Pick your paddle based on your height, strength and intended use. If you are tall, strong, or going to use it for river running, get a longer paddle with larger blades. If you are shorter, less strong or doing more playboating, then use a shorter paddle with smaller blades. Your paddle can cost between $170-$380 depending on the material and style.


Continuing Education at Zoar Outdoor: Rolling Clinics

Rolling Clinics are an excellent way to take your paddling to the next level. If you have gotten some paddling experience, and are now looking for the next tool to take your paddling further, the Eskimo roll is a great skill to acquire. While rolling can make you ready for bigger, more intense whitewater, it does not make you a more advanced paddler all by itself. Rolling is a skill; it is not the essence of kayaking. Zoar offers rolling clinics throughout the year, and even in the winter months in a heated swimming pool. In the summer months we offer two types of roll clinics, basic and fine tuning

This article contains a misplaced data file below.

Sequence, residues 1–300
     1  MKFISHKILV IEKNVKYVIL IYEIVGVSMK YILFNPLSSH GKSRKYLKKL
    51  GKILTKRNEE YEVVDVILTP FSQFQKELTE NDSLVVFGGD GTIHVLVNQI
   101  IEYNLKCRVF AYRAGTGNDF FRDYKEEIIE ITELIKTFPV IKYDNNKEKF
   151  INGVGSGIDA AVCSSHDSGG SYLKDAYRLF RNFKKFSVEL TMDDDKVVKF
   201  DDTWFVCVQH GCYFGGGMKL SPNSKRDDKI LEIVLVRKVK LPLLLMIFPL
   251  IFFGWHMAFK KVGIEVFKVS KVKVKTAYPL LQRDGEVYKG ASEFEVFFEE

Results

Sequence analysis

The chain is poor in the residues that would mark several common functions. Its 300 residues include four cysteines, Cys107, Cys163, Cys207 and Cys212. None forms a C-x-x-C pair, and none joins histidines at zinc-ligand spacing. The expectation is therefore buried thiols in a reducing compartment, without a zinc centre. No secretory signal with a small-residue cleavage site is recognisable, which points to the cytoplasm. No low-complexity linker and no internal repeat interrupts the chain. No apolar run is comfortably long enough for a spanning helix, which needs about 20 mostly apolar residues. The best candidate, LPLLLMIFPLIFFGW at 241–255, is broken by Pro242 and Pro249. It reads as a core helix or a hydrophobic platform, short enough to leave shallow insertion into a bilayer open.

Basic rolling is for our first time rollers or those looking to fully master the roll in flat water or calm currents. Fine tuning your roll is for those who have accomplished their flat water rolls but need some help and tricks converting it to river situations. Acquiring a bombproof roll makes learning more advanced skills easier, and adds confidence to your paddling. However, we recommend that you gain considerable experience swimming yourself and your gear through rapids correctly before taking a rolling clinic.

Paddling Techniques and Tips

Forward Stroke for Speed
  • Speed = Stability, "When in doubt, paddle it out."
  • Sit up straight: don't bob or lean back or forward unnecessarily.
  • Wind-up your torso to plant your paddle as far to the front of the boat as possible, seek resistance to power the paddle to your hip and shed resistance to recover the paddle. The blade of the paddle should travel along the boat to help maintain a vertical paddle shaft.
  • Use torso rotation for power the stroke. Twist at the spine and push top shoulder and arm forward as you rotate and pull the opposite as you unwind.